In the tie-break, the German slipped 6-3 and again looked poised to lose the set. But she dug deep and won the next five points to go a set up in the most unlikely fashion.

After her great escape, Goerges looked confident in the second set. She only dropped four points on serve and took her first opportunity to break. It proved to be all she needed as she won the set 6-3.

“Somehow I stayed in the first set,” Goerges said. “I was a break up, and then had a lot of game points to go up 5-3 but didn’t make it.”

“Then Barty started to get more confidence on my service games and my first serve percentage started to drop a bit.”

The German continued, “Somehow I managed to save those set points with good play and at the end I was pretty lucky with a net cord.”

“Staying there waiting for your opportunities like I did doesn’t mean you win every set when you are seven set points down, but it gave me a chance and I think it was the key to the match.”

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National Bank Open Suffers Tripple Blow As Top 10 Stars Pull Out

Canada’s most prestigious tennis event will be missing some top names in the women’s draw but organisers remain confident the tournament will still be a hit.

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The tournament director of the National Bank Open says he is ‘still counting on exceptional players’ after a series of high-profile names pulled out of the women’s draw in Montreal.

 

Naomi Osaka and Iga Swiatek have pulled out of the event after competing in the Olympic Games. Osaka, who lit the Olympic flame at the opening ceremony, lost to Marketa Vonmdrousova in the third round. Meanwhile, Swiatek fell in the second round to Spain’s Paula Badosa.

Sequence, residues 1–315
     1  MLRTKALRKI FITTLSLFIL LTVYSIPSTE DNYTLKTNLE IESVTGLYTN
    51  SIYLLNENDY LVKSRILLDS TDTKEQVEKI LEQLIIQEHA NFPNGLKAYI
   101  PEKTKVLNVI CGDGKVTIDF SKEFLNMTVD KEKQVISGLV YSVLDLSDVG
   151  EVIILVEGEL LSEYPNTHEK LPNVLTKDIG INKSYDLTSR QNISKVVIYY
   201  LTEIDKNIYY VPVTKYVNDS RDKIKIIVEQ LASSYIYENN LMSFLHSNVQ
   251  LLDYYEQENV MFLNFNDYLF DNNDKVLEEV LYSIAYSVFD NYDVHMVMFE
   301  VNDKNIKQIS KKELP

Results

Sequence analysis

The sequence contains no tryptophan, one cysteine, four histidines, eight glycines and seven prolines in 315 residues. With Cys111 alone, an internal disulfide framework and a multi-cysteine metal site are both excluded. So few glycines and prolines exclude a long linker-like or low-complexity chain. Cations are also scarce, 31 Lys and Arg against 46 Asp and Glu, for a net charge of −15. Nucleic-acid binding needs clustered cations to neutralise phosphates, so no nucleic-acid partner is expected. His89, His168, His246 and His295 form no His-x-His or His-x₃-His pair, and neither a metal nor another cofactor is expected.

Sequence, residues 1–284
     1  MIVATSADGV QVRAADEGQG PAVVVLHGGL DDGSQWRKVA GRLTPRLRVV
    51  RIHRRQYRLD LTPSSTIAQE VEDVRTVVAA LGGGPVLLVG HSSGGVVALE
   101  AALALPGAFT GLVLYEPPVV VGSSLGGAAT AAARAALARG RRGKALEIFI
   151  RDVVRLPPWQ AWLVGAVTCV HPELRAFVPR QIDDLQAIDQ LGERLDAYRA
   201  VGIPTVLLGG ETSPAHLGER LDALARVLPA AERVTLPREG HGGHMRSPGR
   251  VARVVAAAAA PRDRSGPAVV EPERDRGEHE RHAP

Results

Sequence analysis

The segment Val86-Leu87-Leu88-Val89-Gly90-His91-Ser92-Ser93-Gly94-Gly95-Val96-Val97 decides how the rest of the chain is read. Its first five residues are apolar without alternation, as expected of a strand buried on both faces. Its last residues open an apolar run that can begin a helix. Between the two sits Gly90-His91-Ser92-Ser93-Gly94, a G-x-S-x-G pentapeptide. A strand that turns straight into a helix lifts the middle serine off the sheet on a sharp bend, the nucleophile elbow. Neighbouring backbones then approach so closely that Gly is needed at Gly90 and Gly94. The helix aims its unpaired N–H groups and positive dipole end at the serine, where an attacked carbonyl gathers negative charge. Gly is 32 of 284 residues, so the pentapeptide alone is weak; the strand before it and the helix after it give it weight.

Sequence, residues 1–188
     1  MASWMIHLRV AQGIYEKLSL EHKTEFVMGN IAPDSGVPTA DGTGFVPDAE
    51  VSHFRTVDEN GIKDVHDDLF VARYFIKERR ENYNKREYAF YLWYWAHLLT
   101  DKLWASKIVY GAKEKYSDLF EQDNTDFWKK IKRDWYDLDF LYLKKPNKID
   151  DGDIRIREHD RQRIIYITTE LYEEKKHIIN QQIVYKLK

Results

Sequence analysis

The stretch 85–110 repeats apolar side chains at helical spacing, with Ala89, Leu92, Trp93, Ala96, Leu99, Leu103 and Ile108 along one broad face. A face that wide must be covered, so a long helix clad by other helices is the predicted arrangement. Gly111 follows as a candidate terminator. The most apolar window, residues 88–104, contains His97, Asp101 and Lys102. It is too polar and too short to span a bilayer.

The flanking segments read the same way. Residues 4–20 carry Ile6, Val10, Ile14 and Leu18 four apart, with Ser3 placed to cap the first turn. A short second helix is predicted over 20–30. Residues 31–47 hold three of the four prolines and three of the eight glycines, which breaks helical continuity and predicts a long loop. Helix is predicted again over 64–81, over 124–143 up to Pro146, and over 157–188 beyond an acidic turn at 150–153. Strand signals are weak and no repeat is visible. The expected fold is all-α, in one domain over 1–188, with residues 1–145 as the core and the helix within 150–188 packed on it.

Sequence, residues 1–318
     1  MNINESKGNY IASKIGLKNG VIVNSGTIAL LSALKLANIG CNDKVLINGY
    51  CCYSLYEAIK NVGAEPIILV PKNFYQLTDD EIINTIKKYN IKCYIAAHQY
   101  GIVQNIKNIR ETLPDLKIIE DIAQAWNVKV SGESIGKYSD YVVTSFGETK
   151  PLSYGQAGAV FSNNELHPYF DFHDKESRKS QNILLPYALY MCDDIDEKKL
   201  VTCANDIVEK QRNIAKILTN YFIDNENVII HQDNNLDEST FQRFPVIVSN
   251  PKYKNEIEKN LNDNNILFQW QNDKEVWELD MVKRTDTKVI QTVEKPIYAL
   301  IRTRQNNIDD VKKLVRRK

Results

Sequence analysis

“I am sorry to be missing out on Montréal this year,” said Osaka who reached the quarter-finals in 2019. “Sending my best to all the fans there, the tournament and the staff. I hope to see you all in Canada next year.”

Former French Open champion Swiatek said her decision to not play in Canada is because she wants to have a break after an ‘intense’ first half of the season. So far this year the world No.8 has won 28 out of 35 matches played, winning two titles in Rome and Adelaide. She has played at the Canadian event only once in her career which was two years ago when she reached the third round as a qualifier before losing to Osaka.

“I am very sorry but this year I will not be able to play in Montréal,” said Swiatek. “The first part of the season was so intense that I need a couple of days off to rest and prepare for the next few months. I’m looking forward to playing in Canada in 2022.”

Sofia Kenin completes the trio of withdrawals from the WTA 1000 event. The American is still recovering from a foot injury that has sidelined her from the Tour since Wimbledon.

“I’m really disappointed to withdraw from the event in Montréal next week,” said Kenin. “While I’m making progress, my foot injury is not where I need it to be to play at the highest level. I feel another week of recovery and rehab is necessary. I want to thank Tennis Canada for all its efforts in holding the event during such challenging times. Best of luck to all the players.”